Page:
TRU Staking And Uncollateralised Lending

TrueFi’s uncollateralised lending is secured by the TRU staking pool. Governance participants must stake their TRU in return for tradeable stkTRU tokens to vote on borrower onboarding applications and loan requests. TRU tokens locked in the staking pool are used to cover the lending pool as collateral, effectively acting as the “insurance” of the protocol. In the event of a default, stakers can be slashed up to 10% of their staked TRU to reimburse losses in the lending pool. To decrease this risk, TRU stakers are incentivised to make the best lending decisions in the interests of both themselves and the liquidity providers.

TrueFi delegates both credit assessment responsibility and collateral risk to TRU stakers.

TRU stakers earn a dynamically adjusted APY based on the percent of TRU tokens in circulation that are staked in the protocol. The incentive pool distributes 125,000 TRU proportionately to all stakers each day (subject to community governance amendments). This means staking APY decreases as more TRU is staked in the pool regardless of the price action of TRU itself (and vice versa). Unstaking TRU comes with a 14-day cooldown, and re-staking any TRU during the cooldown will reset the timer. Once the cooldown is over, stakers will have a 48-hour time window to unstake their TRU, otherwise, their tokens will be re-staked into the protocol once the window is over.

How SAFU Is Uncollateralised Lending?

TrueFi uses a SAFU (Secure Asset Fund for Users) smart contract to cover the lending pool and perform slashing and reimbursement functions. The SAFU has its own pool that acts as a buffer and liquidator for the staking pool and the lending pools, it is initially funded by the TrueFi team with 10% of the company’s initial token unlock (~5 million TRU).

In the event of a default, the lending pool will transfer all defaulted loan tokens to the SAFU contract in exchange for the full value of those assets in TRU (principal + interest). The SAFU fund will then slash up to 10% of TRU from the staking pool to cover the losses in the lending pool. If the SAFU fund and slashed TRU are insufficient to cover losses from a default, “deficiency claim tokens” representing the uncovered funds will be issued by the SAFU to the lending pool. The default event will be announced publicly, and all privacy options of the delinquent borrower will be revoked. Afterwards, the TrustToken legal team will initiate the legal recovery process with the defaulting institution.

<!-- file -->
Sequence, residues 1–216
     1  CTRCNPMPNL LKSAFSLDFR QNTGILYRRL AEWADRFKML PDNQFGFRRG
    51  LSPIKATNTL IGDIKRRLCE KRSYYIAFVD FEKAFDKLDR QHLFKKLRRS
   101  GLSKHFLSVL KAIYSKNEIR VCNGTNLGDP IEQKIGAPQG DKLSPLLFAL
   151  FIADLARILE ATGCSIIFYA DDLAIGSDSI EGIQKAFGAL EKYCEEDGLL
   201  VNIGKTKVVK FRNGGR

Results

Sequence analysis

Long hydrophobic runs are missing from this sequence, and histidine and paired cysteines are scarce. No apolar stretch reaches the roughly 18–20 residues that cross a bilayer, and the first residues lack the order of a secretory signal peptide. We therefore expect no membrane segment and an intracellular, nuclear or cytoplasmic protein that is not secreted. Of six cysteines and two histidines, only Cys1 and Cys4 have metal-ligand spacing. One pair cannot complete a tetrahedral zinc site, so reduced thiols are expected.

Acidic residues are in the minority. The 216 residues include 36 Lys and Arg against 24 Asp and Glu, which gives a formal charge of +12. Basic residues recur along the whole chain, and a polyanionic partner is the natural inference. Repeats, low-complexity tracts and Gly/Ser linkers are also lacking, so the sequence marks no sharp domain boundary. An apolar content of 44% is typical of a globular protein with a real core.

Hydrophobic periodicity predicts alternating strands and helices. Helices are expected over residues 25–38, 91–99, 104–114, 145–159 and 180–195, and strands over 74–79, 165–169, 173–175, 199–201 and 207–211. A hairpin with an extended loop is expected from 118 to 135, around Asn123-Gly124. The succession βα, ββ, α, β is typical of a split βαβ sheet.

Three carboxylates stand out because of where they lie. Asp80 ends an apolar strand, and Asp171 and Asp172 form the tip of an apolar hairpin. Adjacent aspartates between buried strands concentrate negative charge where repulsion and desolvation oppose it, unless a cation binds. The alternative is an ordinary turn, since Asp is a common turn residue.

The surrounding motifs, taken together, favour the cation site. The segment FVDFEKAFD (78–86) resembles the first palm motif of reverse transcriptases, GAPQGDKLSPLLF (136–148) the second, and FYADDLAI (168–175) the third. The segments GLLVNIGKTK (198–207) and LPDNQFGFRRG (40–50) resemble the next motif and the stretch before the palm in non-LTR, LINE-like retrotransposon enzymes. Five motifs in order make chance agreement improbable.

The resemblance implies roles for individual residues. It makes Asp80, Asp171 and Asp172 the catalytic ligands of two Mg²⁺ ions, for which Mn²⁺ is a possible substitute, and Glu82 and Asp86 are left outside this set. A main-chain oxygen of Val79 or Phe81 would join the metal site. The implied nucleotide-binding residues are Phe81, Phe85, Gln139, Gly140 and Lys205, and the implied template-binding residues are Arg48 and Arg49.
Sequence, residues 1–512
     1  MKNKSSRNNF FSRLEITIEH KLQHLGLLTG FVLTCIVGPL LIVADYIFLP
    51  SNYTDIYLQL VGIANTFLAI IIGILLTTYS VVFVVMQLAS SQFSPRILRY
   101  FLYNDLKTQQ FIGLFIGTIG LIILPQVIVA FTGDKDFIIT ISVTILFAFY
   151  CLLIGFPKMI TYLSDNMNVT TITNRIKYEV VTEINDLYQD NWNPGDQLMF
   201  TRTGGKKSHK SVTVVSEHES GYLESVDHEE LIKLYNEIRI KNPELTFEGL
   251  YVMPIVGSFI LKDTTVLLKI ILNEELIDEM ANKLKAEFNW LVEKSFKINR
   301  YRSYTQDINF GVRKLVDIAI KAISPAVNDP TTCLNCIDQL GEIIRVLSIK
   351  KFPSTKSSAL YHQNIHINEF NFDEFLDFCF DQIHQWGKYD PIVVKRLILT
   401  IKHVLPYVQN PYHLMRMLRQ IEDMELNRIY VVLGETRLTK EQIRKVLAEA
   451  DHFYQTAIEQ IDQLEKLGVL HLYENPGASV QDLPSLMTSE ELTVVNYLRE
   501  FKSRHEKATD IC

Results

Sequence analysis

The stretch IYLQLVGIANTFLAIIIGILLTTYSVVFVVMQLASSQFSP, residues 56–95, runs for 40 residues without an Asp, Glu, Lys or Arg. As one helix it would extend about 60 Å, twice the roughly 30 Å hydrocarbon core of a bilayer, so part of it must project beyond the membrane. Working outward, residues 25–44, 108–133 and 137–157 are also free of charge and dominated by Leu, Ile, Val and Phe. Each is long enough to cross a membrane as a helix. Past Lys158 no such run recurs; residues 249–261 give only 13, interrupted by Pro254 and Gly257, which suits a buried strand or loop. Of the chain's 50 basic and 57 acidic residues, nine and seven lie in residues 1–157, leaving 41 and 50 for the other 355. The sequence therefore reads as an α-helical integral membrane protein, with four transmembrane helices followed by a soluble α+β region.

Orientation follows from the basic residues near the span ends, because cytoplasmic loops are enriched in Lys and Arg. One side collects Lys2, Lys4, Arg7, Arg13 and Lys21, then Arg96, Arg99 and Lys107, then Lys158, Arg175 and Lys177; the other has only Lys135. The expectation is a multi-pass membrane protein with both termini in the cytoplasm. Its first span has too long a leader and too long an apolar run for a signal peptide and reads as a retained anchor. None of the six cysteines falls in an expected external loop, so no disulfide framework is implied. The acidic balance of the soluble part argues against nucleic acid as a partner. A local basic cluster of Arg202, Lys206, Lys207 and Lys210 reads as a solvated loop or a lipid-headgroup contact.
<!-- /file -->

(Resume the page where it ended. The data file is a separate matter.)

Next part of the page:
TrueFi default and recovery process. Image via

If the funds are recovered through the legal process, they will be used to purchase the underlying assets represented by the defaulted loan tokens and returned to the lending pool, with any excess funds remaining after the reimbursement purchase being kept by the SAFU contract. If the legal process is unable to fully recover the lost funds, the remaining “deficiency claim tokens” issued to the lending pool will be burned. This will realise the losses and reduce the total value of the lending pool, decreasing the value of its LP token.

Voting Incentives 

To incentivise voting participation, a small amount of TRU is rewarded to voters and will be immediately claimable once each loan is approved. The total amount of TRU voting rewards will be calculated based on the total interest generated by each loan. This reward will be drawn from the incentive pool, proportionally distributed to voters based on the percentage of their votes among the total votes received for each loan.

On top of voting rewards, TRU stakers are also rewarded the protocol fees from each approved loan, amounting to 10% of the total interest from each loan. This protocol fee will be paid in the form of LP tokens once each loan is successfully repaid. This disincentivises “flash voting” in situations where huge stakers, to avoid default risks, immediately request withdrawal of their TRU after receiving voting rewards when large amounts of loans are approved in a very short timeframe.

Since loan voting also requires a small Ethereum gas fee, smaller stakers may potentially be disincentivised to vote on loans with small principal and short terms if gas fees outweigh the voting rewards. This could discourage governance decentralisation in the short term due to larger stakers benefitting more from frequent voting, reward-claiming, and re-staking due to gas fee barriers.

To overcome this gas fee barrier, the protocol will eventually remove the legacy voting system altogether by introducing a new governance mechanism, but this will likely come after the automated credit-rating system as the existing voting structure is still needed to preserve community autonomy and distribution of stakeholder responsibility.

The TRU Token

TRU has a maximum supply of 1.45 billion tokens distributed as below:

  • Community incentives: 39% (565,500,000 TRU)
  • Token sale: 26.75% (387,917,402 TRU)
  • Team: 18.5% (268,250,000 TRU),
  • Company: 11.25% (163,082,598 TRU)
  • Future team: 4.5% (65,250,000 TRU)

TRU distribution, note remaining 2% of private sale tokens were allocated to the company. Image via